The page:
Let me not, I pray you, accept any man's person;
Neither let me give flattering titles unto man.
For I know not to give flattering titles;
In so doing my Maker would soon take me away.
In Isa 45:4, it is rendered, 'I have surnamed thee (Cyrus), though thou hast not known me.' The word does not occur elsewhere. It conveys the idea of an honorable title; and means here, I think, that he would call himself by the honorable appellation of Israel - or an Israelite - a worshipper of the God o f Jacob. It implies that a profession of the true religion is honorable, and that it is and should be esteemed so by him who makes it. It is observable, also, that this verse contains an instance of the parallelism in the Hebrew writings where the alternate members correspond to each other. Here the first and third members, and the second and the fourth correspond to each other (see the Introduction, Section 8).
Thus saith the Lord - This commences, as I suppose (see Analysis), the argument to prove that Yahweh is the only true God, and that the idols were vanity. The object is, to show to the Jews, that he who had made to them such promises of protection and deliverance was able to perform what he had pledged himself to do.
The King of Israel - (See the notes at Isa 41:21).
And his Redeemer - (See the notes at Isa 43:1).
The Lord of hosts - (See the notes at Isa 1:9).
I am the first - (See the notes at Isa 41:4).
And I am the last - In Isa 41:4, this is expressed 'with the last;' in Rev 1:8, 'I am Alpha and Omega.' The sense is, that God existed before all things, and will exist forever.
And besides me there is no God - This is repeatedly declared (Deu 4:35, Deu 4:39; see the note at Isa 43:10-12). This great truth it was God's purpose to keep steadily before the minds of the Jews; and to keep it in the world, and ultimately to diffuse it abroad among the nations, was one of the leading reasons why he selected them as a special people, and separated them from the rest of mankind.
And who, as I - This verse contains an argument to prove that he is God. In proof of this, he appeals to the fact that he alone can predict future events, and certainly declare the order, and the time in which they will come to pass (see the notes at Isa 41:21-23; Isa 44:9-10).
Shall call - That is, call forth the event, or command that to happen which he wills - one of the highest possible exhibitions of power. See a similar use of the word call in Isa 46:2; Isa 48:15.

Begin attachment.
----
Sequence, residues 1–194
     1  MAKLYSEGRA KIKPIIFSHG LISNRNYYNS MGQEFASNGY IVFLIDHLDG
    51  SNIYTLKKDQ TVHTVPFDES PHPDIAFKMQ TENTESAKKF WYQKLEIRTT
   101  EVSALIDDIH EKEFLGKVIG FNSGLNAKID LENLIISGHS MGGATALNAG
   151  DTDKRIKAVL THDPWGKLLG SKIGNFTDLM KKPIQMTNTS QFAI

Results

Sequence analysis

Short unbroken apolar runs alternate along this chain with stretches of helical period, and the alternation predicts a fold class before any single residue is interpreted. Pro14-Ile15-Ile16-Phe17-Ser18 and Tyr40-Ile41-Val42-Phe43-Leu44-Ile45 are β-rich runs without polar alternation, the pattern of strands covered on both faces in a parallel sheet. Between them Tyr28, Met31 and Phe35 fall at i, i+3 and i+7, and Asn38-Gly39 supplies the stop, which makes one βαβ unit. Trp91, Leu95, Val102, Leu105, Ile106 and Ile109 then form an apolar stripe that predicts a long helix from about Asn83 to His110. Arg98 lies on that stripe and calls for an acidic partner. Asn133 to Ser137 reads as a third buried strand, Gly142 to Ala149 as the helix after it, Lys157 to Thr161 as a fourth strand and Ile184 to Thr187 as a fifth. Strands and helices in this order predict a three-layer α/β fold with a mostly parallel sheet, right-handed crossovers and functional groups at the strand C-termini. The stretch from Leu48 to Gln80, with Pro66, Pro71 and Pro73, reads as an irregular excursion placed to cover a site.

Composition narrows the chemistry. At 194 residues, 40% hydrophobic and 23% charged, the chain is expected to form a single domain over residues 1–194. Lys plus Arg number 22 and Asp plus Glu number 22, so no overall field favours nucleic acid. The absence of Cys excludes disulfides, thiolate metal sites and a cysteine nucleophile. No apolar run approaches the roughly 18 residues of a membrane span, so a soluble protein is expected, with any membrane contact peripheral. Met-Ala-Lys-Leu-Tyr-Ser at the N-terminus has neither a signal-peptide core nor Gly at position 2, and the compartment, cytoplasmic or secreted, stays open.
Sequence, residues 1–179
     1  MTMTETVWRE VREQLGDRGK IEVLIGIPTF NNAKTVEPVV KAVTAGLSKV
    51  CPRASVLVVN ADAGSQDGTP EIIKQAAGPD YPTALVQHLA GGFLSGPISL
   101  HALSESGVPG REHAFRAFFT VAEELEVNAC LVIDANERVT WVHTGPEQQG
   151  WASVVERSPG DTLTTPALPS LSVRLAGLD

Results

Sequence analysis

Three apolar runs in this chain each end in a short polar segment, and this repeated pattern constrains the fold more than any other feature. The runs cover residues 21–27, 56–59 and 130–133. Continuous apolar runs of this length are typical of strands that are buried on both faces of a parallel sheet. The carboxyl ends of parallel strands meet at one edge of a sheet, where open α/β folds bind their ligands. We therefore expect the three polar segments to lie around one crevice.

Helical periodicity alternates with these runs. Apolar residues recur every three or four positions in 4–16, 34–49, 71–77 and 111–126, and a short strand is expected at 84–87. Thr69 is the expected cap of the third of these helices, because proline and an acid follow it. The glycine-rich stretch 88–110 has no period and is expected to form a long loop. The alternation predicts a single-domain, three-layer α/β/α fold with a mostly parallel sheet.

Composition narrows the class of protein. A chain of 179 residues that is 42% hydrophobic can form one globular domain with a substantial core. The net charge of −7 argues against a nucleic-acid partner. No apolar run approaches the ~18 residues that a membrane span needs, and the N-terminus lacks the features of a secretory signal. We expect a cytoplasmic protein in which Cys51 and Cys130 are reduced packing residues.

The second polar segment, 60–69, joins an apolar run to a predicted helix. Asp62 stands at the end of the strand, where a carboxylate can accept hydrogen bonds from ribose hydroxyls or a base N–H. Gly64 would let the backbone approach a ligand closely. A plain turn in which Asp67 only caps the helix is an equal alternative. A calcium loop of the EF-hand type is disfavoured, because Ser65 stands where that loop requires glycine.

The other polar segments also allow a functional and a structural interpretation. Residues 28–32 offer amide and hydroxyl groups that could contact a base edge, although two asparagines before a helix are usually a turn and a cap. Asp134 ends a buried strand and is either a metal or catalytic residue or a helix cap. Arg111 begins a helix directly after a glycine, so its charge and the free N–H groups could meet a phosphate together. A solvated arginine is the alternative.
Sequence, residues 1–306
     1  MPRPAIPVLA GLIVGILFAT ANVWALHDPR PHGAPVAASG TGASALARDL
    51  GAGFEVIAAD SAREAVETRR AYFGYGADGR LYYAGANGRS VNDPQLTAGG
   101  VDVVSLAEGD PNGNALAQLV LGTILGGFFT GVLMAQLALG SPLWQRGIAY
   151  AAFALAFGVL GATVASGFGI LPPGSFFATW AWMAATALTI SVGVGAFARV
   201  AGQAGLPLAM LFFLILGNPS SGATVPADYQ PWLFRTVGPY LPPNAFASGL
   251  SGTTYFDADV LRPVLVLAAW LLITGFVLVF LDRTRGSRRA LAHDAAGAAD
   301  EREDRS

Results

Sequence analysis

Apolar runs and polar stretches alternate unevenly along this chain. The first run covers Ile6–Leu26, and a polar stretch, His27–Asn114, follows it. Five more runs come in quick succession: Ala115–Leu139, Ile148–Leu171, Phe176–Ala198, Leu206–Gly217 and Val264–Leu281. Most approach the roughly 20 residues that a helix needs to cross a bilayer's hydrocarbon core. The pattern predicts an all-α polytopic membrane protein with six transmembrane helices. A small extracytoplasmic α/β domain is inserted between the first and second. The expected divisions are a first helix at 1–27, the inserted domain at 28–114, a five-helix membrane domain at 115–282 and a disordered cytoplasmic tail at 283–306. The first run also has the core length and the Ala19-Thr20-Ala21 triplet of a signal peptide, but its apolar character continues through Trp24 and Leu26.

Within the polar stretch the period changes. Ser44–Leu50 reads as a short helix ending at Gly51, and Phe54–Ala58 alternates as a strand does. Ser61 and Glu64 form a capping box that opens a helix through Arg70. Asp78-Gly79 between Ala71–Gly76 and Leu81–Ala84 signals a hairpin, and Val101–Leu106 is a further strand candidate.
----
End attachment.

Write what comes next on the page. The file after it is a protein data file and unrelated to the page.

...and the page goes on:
And shall declare it - Declare, or announce with certainty the future event.
And set it in order - Arrange it; secure the proper succession and place (see the notes at Isa 41:22). The word used here (ערך ‛ârak) denotes properly "to place in a row; set in order; arrange." It is of the same signification as the Greek τάσσω tassō or τάττω tattō, and is applied to placing the wood upon the altar in a proper manner (Gen 22:9); or to placing the showbread in proper order on the table Lev 24:8; and especially to setting an army in order, or putting it in battle array Gen 14:8; Jdg 20:20, Jdg 20:22; Sa1 17:2. Here it means, that God would arrange the events in a proper order - as an army is marshalled and arrayed for battle. There should be no improper sequences of events; no chance; no hap-hazard; no confusion. The events which take place under his government, occur in proper order and time, and so as best to subserve his plans.
For me - In order to execute my plans, and to promote my glory. The events on earth are for God. They are such as he chooses to ordain, and are arranged in the manner which he chooses.
Since I appointed the ancient people - 'From my constituting the people of old;' that is, God had given them intimations of future events from the very period when he in times long past, had selected and appointed them as his people. They were, therefore, qualified to be his witnesses Isa 44:8.
And the things that are coming, let them show - (See the notes at Isa 41:22-23).
Fear ye not, neither be afraid - (see the notes at Isa 41:10). The word rendered here 'be afraid,' occurs nowhere else in the Bible. There can be no doubt, however, in regard to its meaning. The Septuagint renders it, Μηδέ πλανᾶσθε Mēde planasthe - 'Neither be deceived.' All the other ancient versions express the sense to fear, to be afraid (Gesenius' Lexicon on the word ירה yârahh).
Have not I told thee from that time - Have I not fully declared from the very commencement of your history as a people, in the main what shall occur?
Ye are even my witnesses - (See the notes at Isa 43:12).
Is there a God besides me? - This is a strong mode of affirming that there is no God besides Yahweh (see the note at Isa 44:6).
Yea, there is no God - Margin, 'Rock' (צור tsûr). The word rock is often applied to God (see the note at Isa 30:29; compare Deu 32:4, Deu 32:30-31; Psa 19:14; Psa 31:2-3; Psa 42:9; et soepe al. The idea is taken from the fact that a lofty rock or fastness was inaccessible by an enemy, and that those who fled there were safe.